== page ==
Both people at the checkout counter, the sales staff and the purchaser, should know about locates, and who is responsible for doing what. If the homeowner is doing the planting, they must know it is their job to call ON1CALL for locates and that they should outline in white paint where they plan to plant their tree or shrub so the locating company can double check this area for underground utilities. If planting in the back or side of the property, a private locate may be necessary.

Discuss at monthly staff safety meetings

Discuss this subject at each staff safety meeting and it will reinforce the importance of the issue and remind staff to inform customers about underground damage prevention and their role in obtaining locates in the process. This will allow you to continue to educate your staff and give focus to this important subject and help minimize any liability. It’s just another form of good customer service to help them to avoid any potential problems that may reflect back on you in a negative way.

Join the ORCGA

Joining the ORCGA shows everyone you care about underground safety and damage prevention of the underground utility assets. The ORCGA’s purpose is to eliminate, or reduce, underground utility hits by the public and the excavating industry. The ORCGA holds public Dig Safe events around the province to educate people about the dangers underground and the importance of calling ON1CALL for locates before digging. The ORCGA also uses Dig Safe events to educate people about the fact it is law in Ontario that the party doing the digging is responsible for getting locates before they dig.

Hold a Dig Safe event at your garden centre

To bring focus to this important area, and show your corporate responsibility, your garden centre can hold a Dig Safe event in the spring each year. The ORCGA can help you to plan this event and provide the appropriate literature and suggestions for the event.

The numbers

If we look at the statistics, the total number of underground utility hits by all groups in the province for 2015 was 4434. On average, 15 per cent of these are from the green professions (landscaping, fencing, irrigation, agriculture and waterways). Twelve per cent are from the public. The four-year average for the public is 543 hits annually. Believe it or not, four out of every 10 hits are because nobody called ON1CALL for locates. This begs the question, what are the chances there may be a serious accident resulting from one of these 543 hits because nobody called for locates? And what are the chances a garden centre who sold the product to the homeowner could then be sued for negligence? Your guess is as good as mine. As a minimum, I suggest posting signs or having literature or sales staff at the checkout remind customers about underground utilities and to call ON1CALL before they dig. Hopefully we never have an underground hit by the public that creates the hypothetical situation discussed here.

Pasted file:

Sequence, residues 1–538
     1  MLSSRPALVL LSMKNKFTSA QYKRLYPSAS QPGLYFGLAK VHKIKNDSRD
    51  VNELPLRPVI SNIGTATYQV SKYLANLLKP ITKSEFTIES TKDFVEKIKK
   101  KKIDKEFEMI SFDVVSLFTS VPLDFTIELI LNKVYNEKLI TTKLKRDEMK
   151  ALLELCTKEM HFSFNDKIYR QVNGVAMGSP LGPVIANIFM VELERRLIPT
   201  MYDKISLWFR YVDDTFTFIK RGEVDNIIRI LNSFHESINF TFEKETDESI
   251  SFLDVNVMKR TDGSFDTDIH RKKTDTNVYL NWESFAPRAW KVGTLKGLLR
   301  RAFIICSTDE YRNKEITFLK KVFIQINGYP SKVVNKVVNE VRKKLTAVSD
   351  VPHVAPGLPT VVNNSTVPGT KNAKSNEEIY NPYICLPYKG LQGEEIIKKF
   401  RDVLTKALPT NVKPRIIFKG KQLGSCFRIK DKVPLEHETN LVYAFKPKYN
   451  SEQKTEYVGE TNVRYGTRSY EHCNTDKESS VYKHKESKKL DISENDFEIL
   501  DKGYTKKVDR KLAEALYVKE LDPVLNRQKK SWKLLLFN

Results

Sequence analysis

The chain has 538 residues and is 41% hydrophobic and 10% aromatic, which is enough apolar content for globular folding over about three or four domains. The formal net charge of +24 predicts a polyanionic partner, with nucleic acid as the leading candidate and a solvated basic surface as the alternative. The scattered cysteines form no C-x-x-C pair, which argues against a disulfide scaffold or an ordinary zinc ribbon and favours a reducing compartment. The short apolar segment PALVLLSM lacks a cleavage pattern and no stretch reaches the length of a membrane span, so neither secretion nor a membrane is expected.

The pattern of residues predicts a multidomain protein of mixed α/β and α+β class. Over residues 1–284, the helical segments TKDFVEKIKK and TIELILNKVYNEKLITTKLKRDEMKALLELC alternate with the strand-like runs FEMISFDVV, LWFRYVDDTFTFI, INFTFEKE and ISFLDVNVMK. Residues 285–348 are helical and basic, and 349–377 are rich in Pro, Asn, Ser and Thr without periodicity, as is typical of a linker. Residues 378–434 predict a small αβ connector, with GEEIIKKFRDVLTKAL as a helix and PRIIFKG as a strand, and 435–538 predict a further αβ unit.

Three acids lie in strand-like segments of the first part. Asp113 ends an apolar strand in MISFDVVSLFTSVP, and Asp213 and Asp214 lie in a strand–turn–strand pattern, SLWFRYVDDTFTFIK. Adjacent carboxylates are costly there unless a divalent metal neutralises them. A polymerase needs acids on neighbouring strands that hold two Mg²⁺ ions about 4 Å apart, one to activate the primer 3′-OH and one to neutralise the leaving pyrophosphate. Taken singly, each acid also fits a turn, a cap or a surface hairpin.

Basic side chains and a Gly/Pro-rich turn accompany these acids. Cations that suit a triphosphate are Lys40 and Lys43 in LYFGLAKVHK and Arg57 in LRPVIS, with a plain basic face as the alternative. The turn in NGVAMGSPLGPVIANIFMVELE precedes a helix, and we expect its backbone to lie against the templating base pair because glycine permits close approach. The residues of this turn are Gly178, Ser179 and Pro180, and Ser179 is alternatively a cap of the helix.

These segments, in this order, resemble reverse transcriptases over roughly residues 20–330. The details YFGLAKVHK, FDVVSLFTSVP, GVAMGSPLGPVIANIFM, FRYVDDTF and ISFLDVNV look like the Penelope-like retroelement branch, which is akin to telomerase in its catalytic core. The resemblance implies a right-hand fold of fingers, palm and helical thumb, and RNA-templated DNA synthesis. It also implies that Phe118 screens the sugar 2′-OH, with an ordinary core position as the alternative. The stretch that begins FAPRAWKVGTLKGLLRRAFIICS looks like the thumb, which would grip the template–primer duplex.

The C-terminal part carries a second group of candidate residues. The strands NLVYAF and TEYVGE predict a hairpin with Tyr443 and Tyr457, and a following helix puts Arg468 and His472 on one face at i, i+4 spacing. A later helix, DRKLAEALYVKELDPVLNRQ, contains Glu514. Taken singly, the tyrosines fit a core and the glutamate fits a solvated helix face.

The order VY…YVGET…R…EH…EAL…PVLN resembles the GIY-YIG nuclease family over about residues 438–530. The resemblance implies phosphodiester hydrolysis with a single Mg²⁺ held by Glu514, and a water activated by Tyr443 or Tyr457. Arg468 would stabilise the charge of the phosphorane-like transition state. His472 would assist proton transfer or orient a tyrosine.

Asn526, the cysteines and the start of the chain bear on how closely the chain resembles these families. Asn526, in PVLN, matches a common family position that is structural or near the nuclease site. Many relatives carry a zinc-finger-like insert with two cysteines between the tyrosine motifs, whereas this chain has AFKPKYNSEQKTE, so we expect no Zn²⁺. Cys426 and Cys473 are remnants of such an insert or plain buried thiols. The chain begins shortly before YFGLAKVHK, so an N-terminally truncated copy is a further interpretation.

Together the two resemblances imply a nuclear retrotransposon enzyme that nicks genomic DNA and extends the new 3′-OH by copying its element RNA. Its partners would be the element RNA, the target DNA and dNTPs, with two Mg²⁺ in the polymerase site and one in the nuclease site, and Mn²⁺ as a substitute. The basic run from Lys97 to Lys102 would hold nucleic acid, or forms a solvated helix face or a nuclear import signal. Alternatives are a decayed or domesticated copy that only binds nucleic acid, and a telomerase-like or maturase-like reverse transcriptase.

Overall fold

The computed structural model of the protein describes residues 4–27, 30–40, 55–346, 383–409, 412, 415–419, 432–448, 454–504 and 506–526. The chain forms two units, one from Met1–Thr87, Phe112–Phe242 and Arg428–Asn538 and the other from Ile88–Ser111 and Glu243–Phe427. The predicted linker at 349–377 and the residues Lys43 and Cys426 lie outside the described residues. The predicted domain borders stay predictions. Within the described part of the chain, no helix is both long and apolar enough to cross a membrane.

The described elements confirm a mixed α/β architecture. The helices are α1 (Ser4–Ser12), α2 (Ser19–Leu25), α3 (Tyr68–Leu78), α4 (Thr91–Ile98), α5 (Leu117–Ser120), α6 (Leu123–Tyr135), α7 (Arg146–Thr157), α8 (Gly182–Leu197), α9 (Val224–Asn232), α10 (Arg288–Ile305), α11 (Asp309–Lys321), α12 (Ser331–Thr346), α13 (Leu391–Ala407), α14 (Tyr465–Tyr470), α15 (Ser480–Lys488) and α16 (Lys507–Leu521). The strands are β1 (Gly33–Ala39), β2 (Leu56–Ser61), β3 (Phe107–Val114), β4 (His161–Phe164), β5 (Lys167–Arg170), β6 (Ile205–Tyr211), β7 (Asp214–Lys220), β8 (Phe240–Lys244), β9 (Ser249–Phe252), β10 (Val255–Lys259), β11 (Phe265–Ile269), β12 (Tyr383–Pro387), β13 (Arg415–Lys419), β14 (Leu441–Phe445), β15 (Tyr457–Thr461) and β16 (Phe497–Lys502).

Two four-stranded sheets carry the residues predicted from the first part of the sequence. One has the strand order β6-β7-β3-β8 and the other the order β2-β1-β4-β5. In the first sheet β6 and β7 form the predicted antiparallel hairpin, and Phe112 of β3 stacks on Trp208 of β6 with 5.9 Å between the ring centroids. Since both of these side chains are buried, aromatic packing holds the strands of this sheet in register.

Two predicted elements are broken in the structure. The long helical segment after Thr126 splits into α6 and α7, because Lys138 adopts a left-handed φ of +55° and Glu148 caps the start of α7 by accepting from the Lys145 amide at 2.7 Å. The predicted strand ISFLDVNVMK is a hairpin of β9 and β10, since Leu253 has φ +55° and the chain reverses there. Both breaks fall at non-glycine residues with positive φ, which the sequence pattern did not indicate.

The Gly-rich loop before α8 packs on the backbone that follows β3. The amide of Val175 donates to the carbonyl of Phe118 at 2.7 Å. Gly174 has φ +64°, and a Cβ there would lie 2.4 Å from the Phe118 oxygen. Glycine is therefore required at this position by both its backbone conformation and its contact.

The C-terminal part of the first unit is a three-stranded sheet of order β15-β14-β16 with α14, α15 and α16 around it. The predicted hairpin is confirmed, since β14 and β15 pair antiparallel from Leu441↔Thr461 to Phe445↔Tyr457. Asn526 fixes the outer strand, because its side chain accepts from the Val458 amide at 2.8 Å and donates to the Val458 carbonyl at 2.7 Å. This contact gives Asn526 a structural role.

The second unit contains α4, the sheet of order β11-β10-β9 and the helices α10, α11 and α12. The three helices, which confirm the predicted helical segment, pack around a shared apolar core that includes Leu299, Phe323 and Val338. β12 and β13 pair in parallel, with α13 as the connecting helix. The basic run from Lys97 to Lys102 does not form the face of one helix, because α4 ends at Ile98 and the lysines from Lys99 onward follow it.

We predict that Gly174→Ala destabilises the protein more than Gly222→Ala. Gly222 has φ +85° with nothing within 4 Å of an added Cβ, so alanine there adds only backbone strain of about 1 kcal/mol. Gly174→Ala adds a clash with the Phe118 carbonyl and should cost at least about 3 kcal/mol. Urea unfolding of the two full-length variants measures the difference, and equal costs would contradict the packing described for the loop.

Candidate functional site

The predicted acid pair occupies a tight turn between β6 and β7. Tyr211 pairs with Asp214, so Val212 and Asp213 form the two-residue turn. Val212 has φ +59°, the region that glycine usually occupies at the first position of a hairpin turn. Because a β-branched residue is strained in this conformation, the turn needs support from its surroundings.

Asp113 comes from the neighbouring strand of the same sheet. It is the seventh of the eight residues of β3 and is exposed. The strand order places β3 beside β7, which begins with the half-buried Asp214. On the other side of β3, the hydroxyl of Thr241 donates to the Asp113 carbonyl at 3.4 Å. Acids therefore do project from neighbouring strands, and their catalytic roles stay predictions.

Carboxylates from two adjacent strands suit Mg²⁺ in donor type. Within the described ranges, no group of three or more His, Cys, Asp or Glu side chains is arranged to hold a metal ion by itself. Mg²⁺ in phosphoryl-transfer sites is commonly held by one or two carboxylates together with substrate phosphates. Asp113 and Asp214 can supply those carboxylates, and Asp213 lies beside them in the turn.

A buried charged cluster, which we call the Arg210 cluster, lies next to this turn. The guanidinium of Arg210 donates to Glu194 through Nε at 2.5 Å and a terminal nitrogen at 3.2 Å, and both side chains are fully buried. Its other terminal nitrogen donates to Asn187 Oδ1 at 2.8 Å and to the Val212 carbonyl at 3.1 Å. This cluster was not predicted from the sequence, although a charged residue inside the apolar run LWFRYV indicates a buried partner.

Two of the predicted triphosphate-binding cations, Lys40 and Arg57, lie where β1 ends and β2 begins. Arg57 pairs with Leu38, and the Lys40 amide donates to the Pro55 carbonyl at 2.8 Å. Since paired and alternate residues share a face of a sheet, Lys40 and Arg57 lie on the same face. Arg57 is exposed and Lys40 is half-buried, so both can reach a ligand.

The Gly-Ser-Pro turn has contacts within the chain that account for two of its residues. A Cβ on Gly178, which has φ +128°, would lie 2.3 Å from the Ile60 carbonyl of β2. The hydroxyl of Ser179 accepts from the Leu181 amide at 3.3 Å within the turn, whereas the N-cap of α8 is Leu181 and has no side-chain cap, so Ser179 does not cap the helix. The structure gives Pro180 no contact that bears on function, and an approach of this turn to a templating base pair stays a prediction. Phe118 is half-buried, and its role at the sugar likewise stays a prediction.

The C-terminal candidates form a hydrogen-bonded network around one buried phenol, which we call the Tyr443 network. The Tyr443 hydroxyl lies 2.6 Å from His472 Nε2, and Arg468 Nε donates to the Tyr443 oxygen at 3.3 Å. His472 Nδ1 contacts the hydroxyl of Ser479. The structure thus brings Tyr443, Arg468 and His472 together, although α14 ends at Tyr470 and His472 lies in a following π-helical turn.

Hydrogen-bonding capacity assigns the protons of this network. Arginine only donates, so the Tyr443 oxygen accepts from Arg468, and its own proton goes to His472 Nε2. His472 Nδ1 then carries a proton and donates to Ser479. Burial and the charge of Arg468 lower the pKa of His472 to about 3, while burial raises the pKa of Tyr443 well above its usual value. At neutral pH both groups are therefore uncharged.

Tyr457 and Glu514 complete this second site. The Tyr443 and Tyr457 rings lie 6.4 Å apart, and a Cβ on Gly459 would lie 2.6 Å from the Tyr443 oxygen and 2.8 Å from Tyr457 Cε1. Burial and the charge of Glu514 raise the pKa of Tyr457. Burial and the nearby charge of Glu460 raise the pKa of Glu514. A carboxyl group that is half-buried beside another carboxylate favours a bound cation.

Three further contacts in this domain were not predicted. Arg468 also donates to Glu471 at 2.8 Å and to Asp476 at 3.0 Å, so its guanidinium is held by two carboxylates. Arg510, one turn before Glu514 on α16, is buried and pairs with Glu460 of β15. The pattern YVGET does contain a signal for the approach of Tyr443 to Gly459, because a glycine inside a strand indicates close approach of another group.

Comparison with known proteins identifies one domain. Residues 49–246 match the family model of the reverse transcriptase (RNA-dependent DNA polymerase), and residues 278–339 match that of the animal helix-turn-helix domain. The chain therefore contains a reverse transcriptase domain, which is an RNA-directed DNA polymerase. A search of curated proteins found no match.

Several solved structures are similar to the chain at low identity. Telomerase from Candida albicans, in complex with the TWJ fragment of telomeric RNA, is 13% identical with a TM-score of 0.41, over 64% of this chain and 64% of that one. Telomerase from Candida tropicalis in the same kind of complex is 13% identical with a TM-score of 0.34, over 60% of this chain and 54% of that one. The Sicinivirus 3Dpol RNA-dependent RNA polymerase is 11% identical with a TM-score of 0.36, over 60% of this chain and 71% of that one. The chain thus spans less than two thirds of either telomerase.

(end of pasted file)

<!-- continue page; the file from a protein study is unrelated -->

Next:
By following the above steps, you can take responsibility for doing everything possible to make everyone safe. Think of it like an insurance policy in case of a lawsuit. Whether the garden centre has all, of or even part, of the responsibility on any liability due to a homeowner underground utility accident, we can’t say for sure. By considering the above, you are being proactive and doing the responsible thing for your customers and providing them with good customer service while showing your expertise and responsibilities.
Terry Murphy can be reached at tvmurphy@ca.inter.net.